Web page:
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Tsunamis: Occurrence

Tsunamis in our history

Tsunamis are disasters that threaten coasts and beaches all over the world. From observations of scientists and historical sources, we know today that tsunamis are a global phenomenon, they are possible in all of the world's oceans and seas, including the Mediterranean, the Atlantic, the Indian, the Pacific, and even in large lakes where they can be caused by landslides.

Frequency and pattern of tsunami generation appears to be linked to the cycle of each region of the world and the pattern and range of small to large destructive tsunami events. Tsunamis can only occur in coastal regions and islands are the main targets. However, even if mostly beaches and coastlines are affected by tsunamis, the wave front can advance in estuaries many miles inland.

Tsunamis history map
Image: A tsunami historical outlook around the globe

The map above shows the 2,000+ tsunami events that hit the countries located around the "Ring of fire" in know history (since year 1600 BC). The map shows the tsunami location, intensity and size. The color of the circle shows the tsunami intensity and a larger circle indicates a greater event. It's interesting to note that tectonic plates boundaries have generated the most tsunamis.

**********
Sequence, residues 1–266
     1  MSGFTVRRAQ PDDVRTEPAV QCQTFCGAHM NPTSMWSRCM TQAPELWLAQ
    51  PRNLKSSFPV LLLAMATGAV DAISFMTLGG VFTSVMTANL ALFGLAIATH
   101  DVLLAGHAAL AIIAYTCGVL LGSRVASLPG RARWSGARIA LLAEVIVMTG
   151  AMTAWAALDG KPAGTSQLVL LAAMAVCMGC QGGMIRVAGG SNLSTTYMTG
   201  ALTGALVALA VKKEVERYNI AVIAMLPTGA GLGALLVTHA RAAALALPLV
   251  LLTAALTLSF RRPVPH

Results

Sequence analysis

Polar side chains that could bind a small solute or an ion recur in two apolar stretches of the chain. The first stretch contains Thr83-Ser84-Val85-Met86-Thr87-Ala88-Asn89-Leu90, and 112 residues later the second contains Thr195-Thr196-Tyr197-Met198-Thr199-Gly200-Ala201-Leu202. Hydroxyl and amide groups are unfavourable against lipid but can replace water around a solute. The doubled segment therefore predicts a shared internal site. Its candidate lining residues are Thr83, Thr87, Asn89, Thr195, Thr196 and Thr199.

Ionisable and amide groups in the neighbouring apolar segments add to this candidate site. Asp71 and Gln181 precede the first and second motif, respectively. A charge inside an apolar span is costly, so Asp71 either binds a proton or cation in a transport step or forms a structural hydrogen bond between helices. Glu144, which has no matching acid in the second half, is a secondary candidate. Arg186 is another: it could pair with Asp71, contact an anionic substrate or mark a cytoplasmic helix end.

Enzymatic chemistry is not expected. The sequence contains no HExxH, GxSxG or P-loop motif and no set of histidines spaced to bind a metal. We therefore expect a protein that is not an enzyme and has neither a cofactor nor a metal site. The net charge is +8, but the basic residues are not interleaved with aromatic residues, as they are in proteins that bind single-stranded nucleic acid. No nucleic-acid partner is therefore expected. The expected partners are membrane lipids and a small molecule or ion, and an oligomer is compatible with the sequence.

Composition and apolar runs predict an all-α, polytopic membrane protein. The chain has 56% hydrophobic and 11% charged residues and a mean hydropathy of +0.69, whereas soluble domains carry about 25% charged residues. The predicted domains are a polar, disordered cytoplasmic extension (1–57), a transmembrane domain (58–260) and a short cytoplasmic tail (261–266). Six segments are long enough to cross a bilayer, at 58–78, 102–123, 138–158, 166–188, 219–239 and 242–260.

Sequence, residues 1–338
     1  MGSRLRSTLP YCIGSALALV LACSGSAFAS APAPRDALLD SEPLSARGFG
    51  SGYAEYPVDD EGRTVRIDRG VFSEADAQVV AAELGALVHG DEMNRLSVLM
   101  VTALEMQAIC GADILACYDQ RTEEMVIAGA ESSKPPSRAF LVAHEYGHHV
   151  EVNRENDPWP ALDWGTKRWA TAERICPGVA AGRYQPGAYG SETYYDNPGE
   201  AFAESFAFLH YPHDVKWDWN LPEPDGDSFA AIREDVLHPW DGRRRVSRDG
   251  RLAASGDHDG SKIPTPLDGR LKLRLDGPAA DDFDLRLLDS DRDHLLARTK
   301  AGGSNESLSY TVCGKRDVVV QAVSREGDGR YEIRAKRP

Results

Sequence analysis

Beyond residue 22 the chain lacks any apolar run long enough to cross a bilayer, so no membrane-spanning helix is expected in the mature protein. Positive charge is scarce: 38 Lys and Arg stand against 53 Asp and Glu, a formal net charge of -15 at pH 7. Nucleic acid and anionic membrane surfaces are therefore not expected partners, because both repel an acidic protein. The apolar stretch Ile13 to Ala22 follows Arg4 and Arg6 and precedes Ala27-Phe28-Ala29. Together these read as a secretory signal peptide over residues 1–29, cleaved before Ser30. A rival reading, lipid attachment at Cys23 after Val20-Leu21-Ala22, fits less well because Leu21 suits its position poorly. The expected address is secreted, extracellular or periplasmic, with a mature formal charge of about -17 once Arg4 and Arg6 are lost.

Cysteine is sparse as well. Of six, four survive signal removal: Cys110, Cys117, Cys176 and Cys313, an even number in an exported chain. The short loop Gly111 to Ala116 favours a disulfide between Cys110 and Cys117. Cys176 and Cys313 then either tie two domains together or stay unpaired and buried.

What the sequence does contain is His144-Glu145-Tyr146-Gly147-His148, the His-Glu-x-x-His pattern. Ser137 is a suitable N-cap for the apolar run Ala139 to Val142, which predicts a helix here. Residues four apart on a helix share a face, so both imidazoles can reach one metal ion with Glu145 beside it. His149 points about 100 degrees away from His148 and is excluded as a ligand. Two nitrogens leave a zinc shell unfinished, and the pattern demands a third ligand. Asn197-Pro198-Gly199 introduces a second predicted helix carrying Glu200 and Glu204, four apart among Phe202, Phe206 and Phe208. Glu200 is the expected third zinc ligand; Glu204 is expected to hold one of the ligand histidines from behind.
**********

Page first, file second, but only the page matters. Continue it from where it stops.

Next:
Earthquakes of at least 7 on the Richter scale generate tsunamis. Tsunamis are more frequent than what the general public think; for example, Japan is hit at least once a year by a tsunami.

Around four-fifths of all tsunamis occur in the Pacific Ocean, particularly in countries which border the "Pacific Ring of Fire". One end of this region of high seismic and volcanic activity begins at New Zealand, heading northwest to Indonesia (completely by-passing Australia) and then west to Papua New Guinea and Indonesia, northeast along the Asian coastline, east to North America and then south along the western North American coastline.

Roughly horse-shoe shaped, the Ring of Fire extends about 40,000km long and tsunamis can be generated anywhere along this rim. Many tsunamis have also been generated in the seas which border the Pacific Ocean.

Shallow earthquakes generate tsunamis around the Pacific but tropical Pacific regions' tend to be smaller in size. Local devastation may occur but these tsunamis rapidly lose energy and are usually not destructive over larger distances of hundreds of kilometers from their source.

The North Pacific and Pacific coast of South America in contrast generate larger earthquake events resulting in tsunamis that can sweep the entire Pacific and set the ocean in motion for days. This can occur up to half a dozen times a century on average.

Destructive in tsunamis history
Image: Destructive tsunamis from 1849 to 1964